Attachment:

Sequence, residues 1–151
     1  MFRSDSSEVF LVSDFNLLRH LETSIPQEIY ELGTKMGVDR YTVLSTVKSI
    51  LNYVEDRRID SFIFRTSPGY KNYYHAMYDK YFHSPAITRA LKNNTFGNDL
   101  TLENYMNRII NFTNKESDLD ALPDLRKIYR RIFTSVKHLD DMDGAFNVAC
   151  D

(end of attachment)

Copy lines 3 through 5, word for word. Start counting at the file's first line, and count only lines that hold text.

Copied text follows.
    51  LNYVEDRRID SFIFRTSPGY KNYYHAMYDK YFHSPAITRA LKNNTFGNDL
   101  TLENYMNRII NFTNKESDLD ALPDLRKIYR RIFTSVKHLD DMDGAFNVAC
   151  D